Lilly swoops on Dermira to claim Dupixent rival
Eli Lilly agreed on Friday to buy dermatology specialist Dermira for $1.1 billion and its lead drug, a competitor to Sanofi and Regeneron’s atopic dermatitis Dupixent.
The first major biopharma deal of 2020 – due to close before the first quarter is ended – will see Lilly pay $18.75 per share for Dermira, a 2% premium to its closing price the day before the takeover was announced but a sharp increase on its recent trading levels.
Lilly’s interest in Dermira lies mainly with interleukin-13 inhibitor lebrikizumab, which is in a pair of phase 3 trials in adult and adolescent patients with moderate-to-severe atopic dermatitis, after positive results in two phase 2b trials.
It’s also planning a third trial in combination with topical corticosteroids with readouts from all three studies due in 2021.
The acquisition also gives Lilly one marketed drug – Qbrexza (glycopyrronium) – which is a medicated dressing used to treat excessive underarm sweating or hyperhidrosis. Launched just over a year ago, sales of Qbrexza were $10 million in the third quarter, up 27% on the second quarter.
Lilly represents yet another change of owner for lebrikizumab, which was originated by Roche and was once considered one of the top prospects in its pipeline before the company opted to sell it to Dermira.
Roche divested the drug in 2017 after mixed results in asthma, its first targeted indication, in a deal valued at up to $1.4 billion including $80 million upfront. For Dermira, the acquisition plugged a pipeline hole left by the failure of its acne therapy olumacostat glasaretil in late-stage trials.
If the results from the phase 3 programme are positive lebrikizumab could be a challenger to IL-4 and IL-13 inhibitor Dupixent, which achieved blockbuster sales in atopic dermatitis in 2018, its first full-year on the market.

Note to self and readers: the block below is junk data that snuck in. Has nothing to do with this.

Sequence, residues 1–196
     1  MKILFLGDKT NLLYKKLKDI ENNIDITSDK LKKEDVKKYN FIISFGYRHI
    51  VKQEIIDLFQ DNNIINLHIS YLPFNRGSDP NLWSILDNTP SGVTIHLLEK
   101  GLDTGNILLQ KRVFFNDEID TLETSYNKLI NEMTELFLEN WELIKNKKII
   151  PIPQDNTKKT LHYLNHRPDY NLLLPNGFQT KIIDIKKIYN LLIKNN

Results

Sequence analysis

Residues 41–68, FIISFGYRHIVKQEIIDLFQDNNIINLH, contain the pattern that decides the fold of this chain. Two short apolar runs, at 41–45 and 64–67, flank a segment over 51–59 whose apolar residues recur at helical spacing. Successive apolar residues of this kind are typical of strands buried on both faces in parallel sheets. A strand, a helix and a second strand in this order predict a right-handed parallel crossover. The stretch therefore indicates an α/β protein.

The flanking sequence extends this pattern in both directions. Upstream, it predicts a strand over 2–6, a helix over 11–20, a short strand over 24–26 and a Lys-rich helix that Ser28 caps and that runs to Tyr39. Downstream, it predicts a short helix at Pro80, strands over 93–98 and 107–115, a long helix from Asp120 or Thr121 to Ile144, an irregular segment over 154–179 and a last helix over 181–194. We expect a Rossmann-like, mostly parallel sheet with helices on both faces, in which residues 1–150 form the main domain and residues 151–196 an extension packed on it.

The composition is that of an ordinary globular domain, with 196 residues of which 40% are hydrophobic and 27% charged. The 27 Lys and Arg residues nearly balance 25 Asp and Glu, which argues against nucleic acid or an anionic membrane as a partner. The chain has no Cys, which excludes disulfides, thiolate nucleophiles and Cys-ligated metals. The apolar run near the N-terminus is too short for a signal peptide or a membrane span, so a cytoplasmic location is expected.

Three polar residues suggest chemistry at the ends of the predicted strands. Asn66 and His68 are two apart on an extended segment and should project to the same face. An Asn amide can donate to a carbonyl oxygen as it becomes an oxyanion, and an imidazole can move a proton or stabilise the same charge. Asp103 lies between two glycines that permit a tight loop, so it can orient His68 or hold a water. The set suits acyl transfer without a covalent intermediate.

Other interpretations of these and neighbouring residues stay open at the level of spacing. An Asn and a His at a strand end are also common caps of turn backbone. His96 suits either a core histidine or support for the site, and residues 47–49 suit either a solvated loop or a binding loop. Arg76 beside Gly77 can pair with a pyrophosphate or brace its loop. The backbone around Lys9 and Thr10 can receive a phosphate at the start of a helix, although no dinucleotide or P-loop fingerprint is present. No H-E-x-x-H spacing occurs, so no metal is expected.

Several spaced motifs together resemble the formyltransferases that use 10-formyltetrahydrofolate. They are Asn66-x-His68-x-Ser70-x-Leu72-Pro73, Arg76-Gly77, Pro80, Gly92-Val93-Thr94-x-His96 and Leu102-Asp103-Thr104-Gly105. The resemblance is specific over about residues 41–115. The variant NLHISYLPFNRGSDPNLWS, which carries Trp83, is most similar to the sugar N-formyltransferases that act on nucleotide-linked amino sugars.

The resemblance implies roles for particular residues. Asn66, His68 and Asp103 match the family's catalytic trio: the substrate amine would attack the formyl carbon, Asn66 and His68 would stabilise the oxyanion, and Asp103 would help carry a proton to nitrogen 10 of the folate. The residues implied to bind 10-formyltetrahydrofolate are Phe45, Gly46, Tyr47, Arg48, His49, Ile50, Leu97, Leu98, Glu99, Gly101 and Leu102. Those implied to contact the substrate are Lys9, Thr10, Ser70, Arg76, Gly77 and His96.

The product is still accelerating thanks to additional approvals in severe asthma and severe chronic rhinosinusitis with nasal polyposis, and Sanofi recorded sales of just under $1.4 billion for the drug in the first nine months of 2019.
The atopic dermatitis is however starting to look a little crowded in the late-stage pipeline, with Leo Pharma’s IL-13 inhibitor tralokinumab hitting the mark in its phase 3 programme towards the end of last year.
Meanwhile, oral JAK inhibitors like AbbVie’s Rinvoq (upadacitinib) – already approved for rheumatoid arthritis – and Pfizer’s abrocitinib have also shown efficacy in phase 3 trials. Lilly has also been testing its JAK inhibitor for arthritis Olumiant (baricitinib) in atopic dermatitis but that drug has been weighed down by safety issues.
Dermira’s chief development officer Luis Pena said recently he reckons lebrikizumab will be a strong rival to Dupixent thanks to its “broad efficacy, safety, and ease of use,” including once-monthly rather than biweekly injections for Sanofi and Regeneron’s drug.
The Dermira acquisition bucks something of a trend at Lilly of focusing its M&A activity in the oncology area.
Its largest deal last year was the $8 billion takeover of Loxo Oncology and its RET inhibitor selpercatinib, but it also acquired Armo Biosciences for $1.6 billion – adding pegilodecakin for solid tumours – and signed a $575 million partnership with AurKa for an Aurora kinase A inhibitor currently in phase 1 during 2019. It did however spend $1 billion licensing a non-opioid painkiller from Centrexion last May.
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